The actualities of virtual production
There are misconceptions about the realities of working with unreality – Stephen Barnes, our Founding Partner and Creative Director outlines the pros and cons of VP.
Stephen Barnes
Founding Partner

While virtual production is becoming a very real opportunity for an increasing number of production companies, agencies and clients, there is still one major issue tripping people up – not knowing when or how to use it to its full potential. And, to be honest, most people are getting it wrong.

What is often missed is that the real benefit of virtual production comes when you need to do something that you physically cannot do in the real world. Say, if you need to fly. Or film off-planet.

But it doesn’t just need to be fantastical. VP also works really well with more mundane Earth-bound matters. Say for shooting out of season.

When we created our campaign for National Energy Action, it was the height of Winter, but we needed a woodland scene in Autumn. And as the client was a charity, we certainly didn’t have the budget to travel to where it was Autumn. Or back in time three months. But it didn’t matter – we had something better than a time machine. Virtual production changed the season for us.

If you want to shoot in multiple locations in multiple territories but don’t have the budget to fly you and your team to five different continents in a week, then VP can revolutionise  your shoot, your production schedule and, therefore, your budget.

Whilst VP can be used for any standard shoot requirements, producers should still use the right tool for the right job. Taking a traditional production into a studio when it could easily be shot outside kind of misses the point. Borrowing from the classic movie Jurassic Park, we need to stop being so preoccupied with whether or not we could – and spend more time focussing on if we should.

For me, as a creative of more than 20 years, one of the most exciting reasons to work in VP is that your imagination is the only limitation to what you can create.

Once you have your amazingly massive idea and it’s up on that amazingly massive screen, you can art direct and play and improve all in real-time.


You can just take the handbrake off and do – virtually – anything. And once you have your amazingly massive idea and it’s up on that amazingly massive screen, you can art direct and play and improve all in real-time. It’s much easier for the director to make creative decisions there and then.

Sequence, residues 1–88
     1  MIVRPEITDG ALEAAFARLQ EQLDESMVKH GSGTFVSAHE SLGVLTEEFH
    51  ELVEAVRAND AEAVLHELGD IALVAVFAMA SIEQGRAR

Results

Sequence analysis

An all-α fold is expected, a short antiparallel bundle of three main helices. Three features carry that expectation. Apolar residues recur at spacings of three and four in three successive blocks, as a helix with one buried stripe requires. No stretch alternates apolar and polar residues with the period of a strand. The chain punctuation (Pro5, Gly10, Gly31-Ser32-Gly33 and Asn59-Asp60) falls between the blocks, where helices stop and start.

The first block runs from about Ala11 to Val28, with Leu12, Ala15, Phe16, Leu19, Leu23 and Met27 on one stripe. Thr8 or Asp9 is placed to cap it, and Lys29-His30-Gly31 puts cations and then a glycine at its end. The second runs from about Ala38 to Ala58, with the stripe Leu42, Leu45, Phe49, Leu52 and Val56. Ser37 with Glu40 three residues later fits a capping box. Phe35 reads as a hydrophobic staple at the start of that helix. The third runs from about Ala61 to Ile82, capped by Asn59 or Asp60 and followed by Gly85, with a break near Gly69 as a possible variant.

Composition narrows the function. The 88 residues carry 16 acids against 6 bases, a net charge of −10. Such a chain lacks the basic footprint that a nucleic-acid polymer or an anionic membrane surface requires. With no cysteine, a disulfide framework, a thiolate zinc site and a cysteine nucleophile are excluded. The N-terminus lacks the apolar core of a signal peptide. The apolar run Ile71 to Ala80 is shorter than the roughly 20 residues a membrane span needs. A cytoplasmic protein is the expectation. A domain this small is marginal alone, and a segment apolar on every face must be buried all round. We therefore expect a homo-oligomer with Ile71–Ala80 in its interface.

We like to call it creativity at the speed of thought.

Also, when you have built your virtual world, you can keep it and build on it, expand it, and use it again and again. You don’t have to dismantle a set and scrap it as you do on normal shoots. Saving money and the environment.

Sustainability is obviously another brilliant pro for VP. There are no storage needs, a reduced need for travel to locations for shoots and the ability to
re-use virtual sets and environments.

But they are the obvious ones – as you spend more time working with it, you’ll notice more and more pro’s pop up. Such as health and safety issues. For example shooting in airports. Getting a production team flight side is an organisational nightmare in real life, but everyone has a VIP pass in VP.

However, so I don’t sound like a complete evangelist, there are some cons.

The biggest struggle we have found is the idea of changing workflow. It’s a mindset and culture change that sometimes comes with resistance. While you can edit on the go and remove the need for “fix it in post” thinking, this takes a lot of planning on the front end. The process needs to start  weeks/months earlier than it usually would.

The up-front costs are also a barrier to entry sometimes. Renting an LED wall (which is the key component for virtual production) can be expensive, so might not be great for smaller shoots. And if your client doesn’t already get the long-term benefits, they can be scared off by the short-term costs.

And if you do get the cash and the green light, there is no guarantee you will be able to find a wall to rent. The studios that have them are few and far between and often booked up well in advance. And, in the UK, are usually based only in London.

Then, even if you get a stage, you’ll work hard to find the talent. There is a real dearth. When you think about the amount of DP and set builders you need for traditional shooting, you still need these, but there is a limit to the amount of people who are skilled up in VP.

But I never like to end on a down note. For the creatives among us virtual production is a beautiful blessing when used correctly and at the right time.

This article was first published on Shots.